The recent agreement between all 193 UN member states on the 17 Sustainable Development Goals (also referred to as the “Global Goals”) demonstrates a widespread political commitment to dealing with some of the world’s most
Le rapport de l’International Federation of Accountants (IFAC), Optimiser l’apport des comptables à la gestion des risques d’entreprise, met l’accent sur l’importance de la gestion des risques d’entreprise (GRE) et sur le rôle de premier plan que peuvent jouer dans ce domaine les comptables, les chefs des finances et les fonctions Finances. Nous estimons que les professionnels comptables ont aujourd’hui la possibilité d’accroître l’efficacité de la GRE dans leurs organisations. Pour cela, ils doivent être considérés comme des experts en risques, ouverts sur l’extérieur et capables de fournir des informations précieuses pour alimenter une gestion des risques et des opportunités qui aidera les organisations à créer de la valeur et à la préserver.
Doing the right thing is as important as being a technical expert. To this end, accountants in business need to be conscious of how they influence ethical business culture.
Investor engagement, regulation, and societal expectations are driving increasing awareness and action on environmental, social, and governance performance. This forces organizations and CFOs to enhance reporting and disclosure, and include ESG factors in daily decision making. But how should organizations provide meaningful and specific disclosures for ESG issues? What significant initiatives and frameworks are available to help? How can organizations ensure reporting and disclosure is useful for users?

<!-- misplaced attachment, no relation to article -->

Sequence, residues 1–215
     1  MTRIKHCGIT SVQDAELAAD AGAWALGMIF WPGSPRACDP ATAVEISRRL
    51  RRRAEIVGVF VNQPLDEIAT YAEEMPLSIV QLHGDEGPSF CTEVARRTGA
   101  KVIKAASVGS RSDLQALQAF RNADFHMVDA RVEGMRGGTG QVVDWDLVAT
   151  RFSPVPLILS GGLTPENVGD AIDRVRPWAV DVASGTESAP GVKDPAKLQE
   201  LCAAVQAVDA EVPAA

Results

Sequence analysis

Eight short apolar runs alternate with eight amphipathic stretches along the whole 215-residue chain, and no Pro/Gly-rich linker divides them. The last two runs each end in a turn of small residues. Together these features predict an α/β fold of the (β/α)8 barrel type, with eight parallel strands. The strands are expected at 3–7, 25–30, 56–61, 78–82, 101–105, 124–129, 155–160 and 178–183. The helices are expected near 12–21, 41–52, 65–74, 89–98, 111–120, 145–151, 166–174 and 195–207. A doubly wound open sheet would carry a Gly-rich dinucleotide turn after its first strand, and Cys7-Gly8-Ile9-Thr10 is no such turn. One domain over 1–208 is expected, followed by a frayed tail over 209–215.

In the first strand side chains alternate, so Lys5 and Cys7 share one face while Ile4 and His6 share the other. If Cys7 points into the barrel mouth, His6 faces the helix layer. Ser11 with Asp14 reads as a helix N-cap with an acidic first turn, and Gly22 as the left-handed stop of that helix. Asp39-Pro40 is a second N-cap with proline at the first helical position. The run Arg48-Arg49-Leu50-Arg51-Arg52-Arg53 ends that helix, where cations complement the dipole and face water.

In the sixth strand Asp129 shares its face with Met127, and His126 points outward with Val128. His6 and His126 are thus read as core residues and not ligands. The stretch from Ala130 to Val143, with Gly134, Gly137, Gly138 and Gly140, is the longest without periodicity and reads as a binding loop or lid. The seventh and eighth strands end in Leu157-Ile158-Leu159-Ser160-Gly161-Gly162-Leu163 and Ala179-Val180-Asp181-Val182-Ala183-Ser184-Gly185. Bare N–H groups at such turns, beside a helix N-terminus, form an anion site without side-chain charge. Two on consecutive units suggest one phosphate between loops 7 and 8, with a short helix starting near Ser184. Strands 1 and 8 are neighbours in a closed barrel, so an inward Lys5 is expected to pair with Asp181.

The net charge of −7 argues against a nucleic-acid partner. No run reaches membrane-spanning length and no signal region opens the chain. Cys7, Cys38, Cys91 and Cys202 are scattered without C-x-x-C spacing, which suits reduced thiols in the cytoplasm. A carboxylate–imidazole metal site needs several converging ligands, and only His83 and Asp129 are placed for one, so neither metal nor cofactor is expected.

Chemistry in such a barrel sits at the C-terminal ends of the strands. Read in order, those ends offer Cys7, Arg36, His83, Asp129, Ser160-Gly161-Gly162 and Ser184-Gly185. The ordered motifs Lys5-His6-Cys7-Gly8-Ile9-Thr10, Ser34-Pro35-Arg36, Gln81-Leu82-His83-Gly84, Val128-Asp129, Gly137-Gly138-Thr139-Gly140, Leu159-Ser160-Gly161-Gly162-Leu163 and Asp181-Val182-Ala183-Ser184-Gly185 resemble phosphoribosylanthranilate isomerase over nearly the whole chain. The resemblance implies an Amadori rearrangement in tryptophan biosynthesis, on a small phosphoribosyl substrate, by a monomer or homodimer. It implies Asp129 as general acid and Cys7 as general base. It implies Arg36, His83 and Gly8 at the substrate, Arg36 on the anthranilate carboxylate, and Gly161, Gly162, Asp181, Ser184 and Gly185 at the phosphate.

The role of professional accountants in assisting their organizations in making the most of predictive business analytics to improve strategy and performance management enterprise wide is more important than ever. Organizations are drowning in data but starving for information.
The Carbon Tracker Initiative report, Unburnable Carbon, calculates that only 31% of the world's currently indicated fossil fuel reserves, which equate to 2,860 billion tonnes of carbon dioxide, could be burned for an 80% chance of keeping below a 2°C global temperature rise—commonly regarded as the threshold to avoid dangerous climate change. For a 50% chance of 2°C or less, only 38% could be burned. At least two-thirds of fossil fuel reserves cannot be monetized if we are to stay below 2°C of warming—creating "stranded carbon assets."
As CFOs are also now seen as organizational leaders and business partners, in addition to being the financial gatekeeper, finance leadership and professionalism apply to both stewardship and business partnership. Finance leadership requires an appreciation of the importance of the dual aspects of compliance and performance. Professional accountants need to live up to these expectations if they are to occupy finance leadership positions. It is now more important than ever for the accountancy profession to develop outstanding professionals who are well equipped to work in business and government, and well prepared to take on finance leadership roles.
Most accountants in business and the public sector, whether working in a small organization or serving as the CFO of an international corporation, face ethical dilemmas during their professional careers.
In a Compliance Week blog post, Editor-in-Chief Matt Kelly commented that MF Global demonstrates all the worst ways that senior management can let "tone at the top" go wrong and cites three sentences taken from a post-mortem published by a trustee investigating MF Global.
A critical determining factor of the status of a chief financial officer (CFO) is how they are positioned within his/her organization. Another is whether a CFO is a professional accountant. Examining status through these two lenses can give a sense of how strong the financial management and control of an organization is.